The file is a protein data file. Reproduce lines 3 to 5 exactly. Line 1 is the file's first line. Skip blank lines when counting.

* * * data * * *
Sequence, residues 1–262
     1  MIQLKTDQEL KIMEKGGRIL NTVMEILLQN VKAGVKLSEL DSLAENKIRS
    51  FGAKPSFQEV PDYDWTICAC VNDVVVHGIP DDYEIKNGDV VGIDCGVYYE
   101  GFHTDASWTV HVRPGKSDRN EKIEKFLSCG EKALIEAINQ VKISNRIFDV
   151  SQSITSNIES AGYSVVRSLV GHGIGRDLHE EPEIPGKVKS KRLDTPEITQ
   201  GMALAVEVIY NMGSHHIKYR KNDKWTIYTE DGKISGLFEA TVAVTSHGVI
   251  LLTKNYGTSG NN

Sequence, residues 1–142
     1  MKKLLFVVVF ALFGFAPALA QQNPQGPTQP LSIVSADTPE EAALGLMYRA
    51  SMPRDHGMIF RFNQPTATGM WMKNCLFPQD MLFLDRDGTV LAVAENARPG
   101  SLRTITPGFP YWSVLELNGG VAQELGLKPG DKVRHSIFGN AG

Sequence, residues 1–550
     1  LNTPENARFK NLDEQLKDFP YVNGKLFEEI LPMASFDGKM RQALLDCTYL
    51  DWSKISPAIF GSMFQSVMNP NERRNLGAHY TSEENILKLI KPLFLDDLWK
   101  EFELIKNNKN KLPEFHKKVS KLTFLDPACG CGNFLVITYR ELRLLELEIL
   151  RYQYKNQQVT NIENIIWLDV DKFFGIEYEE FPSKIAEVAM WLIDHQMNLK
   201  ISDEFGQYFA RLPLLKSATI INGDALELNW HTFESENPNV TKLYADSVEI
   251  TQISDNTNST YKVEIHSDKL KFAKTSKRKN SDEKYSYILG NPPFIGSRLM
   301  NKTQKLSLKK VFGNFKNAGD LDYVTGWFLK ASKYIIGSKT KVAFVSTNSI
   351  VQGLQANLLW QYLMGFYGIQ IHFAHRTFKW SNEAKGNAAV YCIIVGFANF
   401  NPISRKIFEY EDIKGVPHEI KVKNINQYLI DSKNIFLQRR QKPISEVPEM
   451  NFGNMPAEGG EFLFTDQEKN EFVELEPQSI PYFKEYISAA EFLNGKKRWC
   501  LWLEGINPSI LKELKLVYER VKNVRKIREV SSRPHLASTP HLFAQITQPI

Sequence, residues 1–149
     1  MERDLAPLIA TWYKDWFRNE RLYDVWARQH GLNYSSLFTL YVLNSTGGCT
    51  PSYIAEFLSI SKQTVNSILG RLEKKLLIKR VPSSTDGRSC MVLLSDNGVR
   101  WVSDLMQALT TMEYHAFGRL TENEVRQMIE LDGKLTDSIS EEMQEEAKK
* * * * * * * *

    51  FGAKPSFQEV PDYDWTICAC VNDVVVHGIP DDYEIKNGDV VGIDCGVYYE
   101  GFHTDASWTV HVRPGKSDRN EKIEKFLSCG EKALIEAINQ VKISNRIFDV
   151  SQSITSNIES AGYSVVRSLV GHGIGRDLHE EPEIPGKVKS KRLDTPEITQ